He didn't have to wait long to attract attention. An angel with black wings named Aleph Bosch came and sat on his peace arches. "He proclaimed himself an atheist," Thompson said. "I never really did figure out what his interest was, but he was the first of many that were to come."

Soon, Thompson's garden was getting a visitor every 15 to 20 minutes day and night. His attention deficit disorder and social skills were getting a workout that he would never have been able to get in the real world. "I realized very early on that this was going to be bigger than my little intention," Thompson said.

As he bought more land to build a virtual visitors center, he received much encouragement from other Latter-day Saints. In a matter of a few months he had bought an island for about $1,000, christened it Adam ondi Ahman and moved his peace arches and visitors center. Other people began moving their LDS-themed buildings to the island — buying the land from Thompson.

It wasn't long before he had recouped the $1,000. He took the money and bought another adjacent island he named Deseret. His little garden was becoming a community.

I ENTERED THE WORD "Mormon" into the Second Life search engine, found the LDS Friends welcome plaza on Adam ondi Ahman and clicked on "Teleport." The game made a whooshing sound and I found myself, or rather my avatar, Mortimes, on the Mormon island.

It was late and quiet. Nobody was there. I clicked on the "Mini-map" button on the Second Life interface, which brought up a map. Each avatar on the island appeared as a tiny glowing green dot. I flew (yes, you can fly!) toward one green dot. I landed and then walked up some stairs in a building and looked in the window of an apartment. I saw a woman avatar named Belisima Grunberg going through her clothes inventory.

By then, I had been playing the game long enough to start to be sucked into its alternate reality. It was weird to be standing outside somebody's window and trying to get their attention. Belisima, however, wasn't disturbed and gladly showed me around the island.

Belisima's real name is Brita Graham and lives in real-life Montana. She became interested in Second Life as a librarian for all the resources available. She spoke, as most avatars do, in text using her computer's keyboard. Voice is available, but rarely used. "There's something very experiential about SL that can be very complimentary to learning," she wrote later in an e-mail, "especially for young people in our digital age."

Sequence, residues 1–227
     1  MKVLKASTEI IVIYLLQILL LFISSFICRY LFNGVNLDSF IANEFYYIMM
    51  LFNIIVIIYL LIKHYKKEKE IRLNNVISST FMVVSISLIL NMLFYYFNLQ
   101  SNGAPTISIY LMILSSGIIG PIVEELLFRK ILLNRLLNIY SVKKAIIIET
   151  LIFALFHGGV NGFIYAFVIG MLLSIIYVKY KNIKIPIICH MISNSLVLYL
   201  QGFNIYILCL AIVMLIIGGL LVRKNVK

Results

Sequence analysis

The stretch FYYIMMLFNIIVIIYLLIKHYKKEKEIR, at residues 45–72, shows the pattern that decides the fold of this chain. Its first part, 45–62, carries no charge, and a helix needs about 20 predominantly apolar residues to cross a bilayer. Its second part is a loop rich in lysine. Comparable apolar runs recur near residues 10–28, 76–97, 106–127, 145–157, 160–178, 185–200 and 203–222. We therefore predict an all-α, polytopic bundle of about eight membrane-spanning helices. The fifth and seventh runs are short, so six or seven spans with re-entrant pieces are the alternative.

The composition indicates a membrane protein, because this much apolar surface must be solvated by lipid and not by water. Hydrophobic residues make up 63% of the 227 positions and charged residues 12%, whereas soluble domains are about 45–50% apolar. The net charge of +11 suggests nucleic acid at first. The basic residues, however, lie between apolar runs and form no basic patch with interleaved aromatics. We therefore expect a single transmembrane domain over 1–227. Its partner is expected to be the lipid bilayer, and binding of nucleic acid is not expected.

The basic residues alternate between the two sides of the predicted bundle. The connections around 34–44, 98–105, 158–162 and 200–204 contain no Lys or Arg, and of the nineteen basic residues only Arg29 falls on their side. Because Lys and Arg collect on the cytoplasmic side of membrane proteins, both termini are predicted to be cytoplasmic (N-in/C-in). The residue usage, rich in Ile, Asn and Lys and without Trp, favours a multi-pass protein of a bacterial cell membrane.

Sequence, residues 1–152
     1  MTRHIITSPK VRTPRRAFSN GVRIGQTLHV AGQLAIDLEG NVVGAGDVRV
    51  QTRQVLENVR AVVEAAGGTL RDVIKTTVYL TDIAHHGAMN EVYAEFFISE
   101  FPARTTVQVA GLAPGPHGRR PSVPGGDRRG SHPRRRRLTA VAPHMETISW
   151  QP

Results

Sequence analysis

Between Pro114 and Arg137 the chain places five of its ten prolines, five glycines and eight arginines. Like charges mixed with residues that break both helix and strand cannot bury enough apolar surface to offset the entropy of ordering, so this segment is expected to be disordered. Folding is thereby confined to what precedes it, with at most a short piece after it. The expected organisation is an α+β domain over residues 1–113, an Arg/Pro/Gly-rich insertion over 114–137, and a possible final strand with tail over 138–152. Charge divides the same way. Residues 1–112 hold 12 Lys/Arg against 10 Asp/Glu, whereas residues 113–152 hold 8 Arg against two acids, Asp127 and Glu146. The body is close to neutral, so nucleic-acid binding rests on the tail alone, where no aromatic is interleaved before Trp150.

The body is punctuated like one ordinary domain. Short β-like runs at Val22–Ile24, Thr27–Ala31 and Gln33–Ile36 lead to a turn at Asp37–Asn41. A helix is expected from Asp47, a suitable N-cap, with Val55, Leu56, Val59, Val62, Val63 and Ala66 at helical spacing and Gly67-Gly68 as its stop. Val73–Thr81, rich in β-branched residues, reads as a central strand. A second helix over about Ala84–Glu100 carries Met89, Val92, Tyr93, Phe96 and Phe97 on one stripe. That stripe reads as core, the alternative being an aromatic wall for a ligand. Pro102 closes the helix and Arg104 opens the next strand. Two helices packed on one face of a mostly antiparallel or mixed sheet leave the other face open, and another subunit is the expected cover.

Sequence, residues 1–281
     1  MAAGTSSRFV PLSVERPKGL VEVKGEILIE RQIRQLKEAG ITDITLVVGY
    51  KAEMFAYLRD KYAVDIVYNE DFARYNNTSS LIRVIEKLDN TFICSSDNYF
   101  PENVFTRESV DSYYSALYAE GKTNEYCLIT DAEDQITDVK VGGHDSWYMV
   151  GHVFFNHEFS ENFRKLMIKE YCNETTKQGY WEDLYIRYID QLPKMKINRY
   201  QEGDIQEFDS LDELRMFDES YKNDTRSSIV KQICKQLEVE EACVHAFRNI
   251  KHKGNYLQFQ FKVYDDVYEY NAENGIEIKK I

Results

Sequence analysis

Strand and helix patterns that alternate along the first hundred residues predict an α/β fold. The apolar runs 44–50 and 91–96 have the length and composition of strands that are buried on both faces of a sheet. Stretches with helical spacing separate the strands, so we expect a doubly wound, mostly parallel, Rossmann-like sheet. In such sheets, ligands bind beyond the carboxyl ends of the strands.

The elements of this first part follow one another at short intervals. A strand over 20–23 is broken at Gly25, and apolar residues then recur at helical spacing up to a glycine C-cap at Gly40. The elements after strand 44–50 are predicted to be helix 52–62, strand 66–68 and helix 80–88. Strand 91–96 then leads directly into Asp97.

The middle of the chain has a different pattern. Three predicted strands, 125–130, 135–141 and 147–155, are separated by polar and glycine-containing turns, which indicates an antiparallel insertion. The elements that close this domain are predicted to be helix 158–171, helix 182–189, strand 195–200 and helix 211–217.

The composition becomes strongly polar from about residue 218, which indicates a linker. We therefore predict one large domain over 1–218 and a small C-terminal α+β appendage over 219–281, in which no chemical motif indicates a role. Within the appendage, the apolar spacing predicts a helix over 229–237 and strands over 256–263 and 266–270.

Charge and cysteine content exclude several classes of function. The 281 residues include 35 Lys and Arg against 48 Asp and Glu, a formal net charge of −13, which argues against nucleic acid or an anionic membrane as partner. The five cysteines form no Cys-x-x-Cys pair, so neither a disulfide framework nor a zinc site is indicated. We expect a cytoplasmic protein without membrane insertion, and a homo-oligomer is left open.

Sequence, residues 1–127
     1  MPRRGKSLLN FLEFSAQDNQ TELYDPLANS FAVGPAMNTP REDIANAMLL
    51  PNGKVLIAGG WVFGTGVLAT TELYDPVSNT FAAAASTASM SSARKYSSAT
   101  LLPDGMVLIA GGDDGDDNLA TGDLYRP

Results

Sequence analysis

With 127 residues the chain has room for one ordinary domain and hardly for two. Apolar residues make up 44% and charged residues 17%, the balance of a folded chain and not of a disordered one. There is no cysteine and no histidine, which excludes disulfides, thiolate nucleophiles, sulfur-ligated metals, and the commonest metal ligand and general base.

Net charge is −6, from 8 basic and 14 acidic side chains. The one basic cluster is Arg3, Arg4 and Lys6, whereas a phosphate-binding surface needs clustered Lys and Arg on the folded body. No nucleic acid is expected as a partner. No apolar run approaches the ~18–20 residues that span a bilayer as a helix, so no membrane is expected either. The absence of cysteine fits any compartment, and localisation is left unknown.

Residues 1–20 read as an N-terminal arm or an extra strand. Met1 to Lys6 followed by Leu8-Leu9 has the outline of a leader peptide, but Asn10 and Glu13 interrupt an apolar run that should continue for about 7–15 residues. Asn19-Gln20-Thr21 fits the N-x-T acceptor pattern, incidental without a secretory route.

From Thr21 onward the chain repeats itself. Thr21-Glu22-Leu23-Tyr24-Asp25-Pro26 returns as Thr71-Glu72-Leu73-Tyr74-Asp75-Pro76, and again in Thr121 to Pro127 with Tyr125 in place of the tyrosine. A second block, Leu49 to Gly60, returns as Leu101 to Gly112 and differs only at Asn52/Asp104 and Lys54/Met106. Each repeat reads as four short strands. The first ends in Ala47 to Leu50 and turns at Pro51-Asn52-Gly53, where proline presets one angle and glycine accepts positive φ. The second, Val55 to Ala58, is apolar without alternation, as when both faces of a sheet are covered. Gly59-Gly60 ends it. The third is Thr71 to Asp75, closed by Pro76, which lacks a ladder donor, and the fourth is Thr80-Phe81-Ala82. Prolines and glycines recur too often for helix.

She encouraged me to find an avatar named Skyler Goode who created the island and was "the big cheese."

We walked over to a model of the Salt Lake Tabernacle and went inside. Skyler, aka Thompson, had created a realistic interior—including the entire Mormon Tabernacle Choir and a video of President Thomas S. Monson on a screen.

I asked Graham if I could take a screenshot photo of her. She had already said she felt uncomfortable entering the Tabernacle in bare feet. Now she wanted to change out of her jeans, "Let me put a skirt on, at least." A second later she was wearing a long skirt. I took the picture.

Just then, as we were conversing about the replica of the Washington, D.C., Temple on the island, a gray-skinned, partly rendered, Barbie-nude avatar floated down from above and stood between us. "So much for dress codes," I typed to Graham.

The avatar was Dabue, who described herself as "not a good Mormon." As her clothes and then skin materialized, she asked, "Is the bishop here? I need to get my temple recommend renewed."

Graham and I continued to try to have our conversation as Dabue peppered us with comments such as "let's have sacrament." She left us saying, "I will hie to Kolob then." Off she flew — bumping into the Tabernacle ceiling before trying to find a door. Graham later commented that she didn't think she had handled Dabue very well and that Skyler would have done a much better job.

"Truly, I've been really impressed by how he extends kindness with all types passing through," Graham wrote in an instant message, "from griefers (bullies) to curiosity seekers to people of other cultures, to just the lonely. He really has a knack, and not just for designing very true to life structures."